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Image: David Grimmel

In 1492, Christopher Columbus braved the mighty Atlantic in three small sailing ships made in Portugal and called “caravels”—the Nina, the Pinta, and the Santa Maria. In all, the explorer made four voyages to the New World; the Nina sailed more than 25,000 miles. Now you can tour two replicas of those ships, which will be docked at Fisherman’s Wharf Marina, 509 N. Tamiami Trail, from March 29 to April 4.

Built after several years of research, entirely by hand—and with no power tools, the 65-foot Nina has been praised by Archeology Magazine as “the most historically correct Columbus replica ever built.” The two ships have been touring the country as an educational exhibition, floating museums sponsored by the Columbus Foundation in the British Virgin Islands.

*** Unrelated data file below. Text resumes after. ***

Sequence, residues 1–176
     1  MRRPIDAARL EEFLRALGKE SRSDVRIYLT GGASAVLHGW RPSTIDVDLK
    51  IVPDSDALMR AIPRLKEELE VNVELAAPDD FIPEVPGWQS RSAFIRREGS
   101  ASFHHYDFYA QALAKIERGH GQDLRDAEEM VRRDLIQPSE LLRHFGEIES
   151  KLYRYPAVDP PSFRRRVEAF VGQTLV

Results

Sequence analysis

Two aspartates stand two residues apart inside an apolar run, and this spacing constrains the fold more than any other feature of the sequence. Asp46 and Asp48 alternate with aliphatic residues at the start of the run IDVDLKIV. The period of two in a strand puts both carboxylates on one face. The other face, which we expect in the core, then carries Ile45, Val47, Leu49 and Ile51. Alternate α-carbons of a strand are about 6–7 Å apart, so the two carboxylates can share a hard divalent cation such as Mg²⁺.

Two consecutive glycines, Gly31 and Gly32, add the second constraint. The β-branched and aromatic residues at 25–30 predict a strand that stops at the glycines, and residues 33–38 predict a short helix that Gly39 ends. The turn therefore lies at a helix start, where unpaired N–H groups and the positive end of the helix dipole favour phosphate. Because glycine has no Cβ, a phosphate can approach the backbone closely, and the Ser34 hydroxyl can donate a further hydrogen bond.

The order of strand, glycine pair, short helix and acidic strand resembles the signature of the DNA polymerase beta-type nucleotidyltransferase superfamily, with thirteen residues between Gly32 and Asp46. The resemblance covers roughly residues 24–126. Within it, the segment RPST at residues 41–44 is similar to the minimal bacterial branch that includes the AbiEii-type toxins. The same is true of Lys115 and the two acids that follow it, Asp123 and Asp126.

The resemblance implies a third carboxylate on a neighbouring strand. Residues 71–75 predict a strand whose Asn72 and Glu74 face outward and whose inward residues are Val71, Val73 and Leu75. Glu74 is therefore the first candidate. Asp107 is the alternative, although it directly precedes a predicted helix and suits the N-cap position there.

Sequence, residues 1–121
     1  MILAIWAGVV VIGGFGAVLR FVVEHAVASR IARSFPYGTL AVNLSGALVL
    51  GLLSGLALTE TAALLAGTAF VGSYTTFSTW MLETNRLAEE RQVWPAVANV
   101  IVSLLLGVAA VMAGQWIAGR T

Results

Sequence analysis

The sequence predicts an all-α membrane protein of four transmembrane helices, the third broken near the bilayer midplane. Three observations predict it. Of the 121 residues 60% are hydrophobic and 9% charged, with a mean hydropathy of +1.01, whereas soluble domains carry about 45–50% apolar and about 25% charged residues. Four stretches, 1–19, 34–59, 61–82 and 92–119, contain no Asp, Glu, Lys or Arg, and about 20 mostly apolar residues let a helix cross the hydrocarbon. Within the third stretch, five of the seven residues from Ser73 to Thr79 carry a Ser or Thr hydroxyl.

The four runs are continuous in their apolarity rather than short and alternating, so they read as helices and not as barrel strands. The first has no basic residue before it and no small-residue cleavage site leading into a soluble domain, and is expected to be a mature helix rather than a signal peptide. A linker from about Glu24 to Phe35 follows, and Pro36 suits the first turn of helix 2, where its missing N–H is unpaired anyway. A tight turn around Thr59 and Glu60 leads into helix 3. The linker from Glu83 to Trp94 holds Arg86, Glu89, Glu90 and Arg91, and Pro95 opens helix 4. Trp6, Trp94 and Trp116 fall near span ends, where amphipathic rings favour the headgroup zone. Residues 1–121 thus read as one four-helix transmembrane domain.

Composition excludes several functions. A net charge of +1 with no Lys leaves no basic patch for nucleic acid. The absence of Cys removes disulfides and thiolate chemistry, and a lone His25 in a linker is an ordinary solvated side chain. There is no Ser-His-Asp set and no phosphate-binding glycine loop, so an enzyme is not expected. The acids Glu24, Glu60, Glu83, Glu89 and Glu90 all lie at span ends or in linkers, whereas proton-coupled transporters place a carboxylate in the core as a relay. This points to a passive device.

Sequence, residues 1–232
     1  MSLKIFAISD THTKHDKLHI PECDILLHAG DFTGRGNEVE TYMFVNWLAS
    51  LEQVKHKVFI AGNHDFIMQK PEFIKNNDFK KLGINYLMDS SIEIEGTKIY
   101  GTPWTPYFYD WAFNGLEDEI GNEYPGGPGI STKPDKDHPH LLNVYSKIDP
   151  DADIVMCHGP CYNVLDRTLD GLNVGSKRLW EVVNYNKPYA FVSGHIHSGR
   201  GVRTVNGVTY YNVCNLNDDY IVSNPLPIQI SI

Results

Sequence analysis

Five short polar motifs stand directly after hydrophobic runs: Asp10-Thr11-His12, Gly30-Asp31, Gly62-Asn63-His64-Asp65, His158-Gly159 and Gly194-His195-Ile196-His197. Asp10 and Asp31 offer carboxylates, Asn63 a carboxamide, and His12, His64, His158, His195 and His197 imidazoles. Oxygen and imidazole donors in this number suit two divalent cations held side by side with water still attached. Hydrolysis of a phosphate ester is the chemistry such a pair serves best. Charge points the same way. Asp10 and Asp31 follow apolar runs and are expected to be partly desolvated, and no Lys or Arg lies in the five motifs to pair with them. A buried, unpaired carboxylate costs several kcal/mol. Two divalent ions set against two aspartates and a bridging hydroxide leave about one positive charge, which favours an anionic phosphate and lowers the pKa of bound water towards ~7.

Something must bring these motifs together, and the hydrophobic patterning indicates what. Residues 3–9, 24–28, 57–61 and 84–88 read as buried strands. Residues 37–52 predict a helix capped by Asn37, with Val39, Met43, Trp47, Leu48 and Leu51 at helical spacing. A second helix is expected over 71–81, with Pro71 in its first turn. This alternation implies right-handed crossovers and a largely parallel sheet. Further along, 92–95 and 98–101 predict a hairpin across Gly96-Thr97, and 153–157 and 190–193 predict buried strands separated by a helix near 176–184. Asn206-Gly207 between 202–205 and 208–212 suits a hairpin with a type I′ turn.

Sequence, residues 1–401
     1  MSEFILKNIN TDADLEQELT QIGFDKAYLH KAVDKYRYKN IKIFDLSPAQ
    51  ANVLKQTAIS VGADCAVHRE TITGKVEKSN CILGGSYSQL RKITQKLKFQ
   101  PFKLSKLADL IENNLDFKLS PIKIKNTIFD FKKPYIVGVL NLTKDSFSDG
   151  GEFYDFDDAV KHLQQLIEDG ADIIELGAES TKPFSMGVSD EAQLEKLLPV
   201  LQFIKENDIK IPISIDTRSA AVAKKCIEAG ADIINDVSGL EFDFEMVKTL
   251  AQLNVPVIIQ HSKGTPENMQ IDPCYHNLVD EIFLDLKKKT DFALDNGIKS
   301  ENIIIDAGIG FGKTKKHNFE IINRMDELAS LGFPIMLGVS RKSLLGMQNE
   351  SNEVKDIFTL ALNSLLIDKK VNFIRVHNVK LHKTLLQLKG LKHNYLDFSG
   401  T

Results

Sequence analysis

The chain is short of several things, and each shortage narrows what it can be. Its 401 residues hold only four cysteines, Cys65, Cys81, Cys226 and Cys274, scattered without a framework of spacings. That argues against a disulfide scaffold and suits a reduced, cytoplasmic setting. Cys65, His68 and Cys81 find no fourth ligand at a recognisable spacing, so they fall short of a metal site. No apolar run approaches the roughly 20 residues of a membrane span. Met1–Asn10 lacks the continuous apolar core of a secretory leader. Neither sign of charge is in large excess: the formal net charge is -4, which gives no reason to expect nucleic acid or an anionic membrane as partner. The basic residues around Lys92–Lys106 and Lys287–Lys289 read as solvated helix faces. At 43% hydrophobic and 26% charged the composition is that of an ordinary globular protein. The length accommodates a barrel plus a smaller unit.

Caravels, fast-sailing, easily maneuverable boats with shallow draughts, were used by Portuguese and Spanish explorers—and even pirates—from  the 1400s to the 1530s, when they gave way to larger ships that could carry cargo across the Atlantic.

Visitors can take self-guided tours priced at $8.50 for adults, $7.50 for seniors and $6.50 for children 5 to 16. Kids 4 and under are free. The ships are open daily from 9 a.m. until 6 p.m. and you don’t need reservations.



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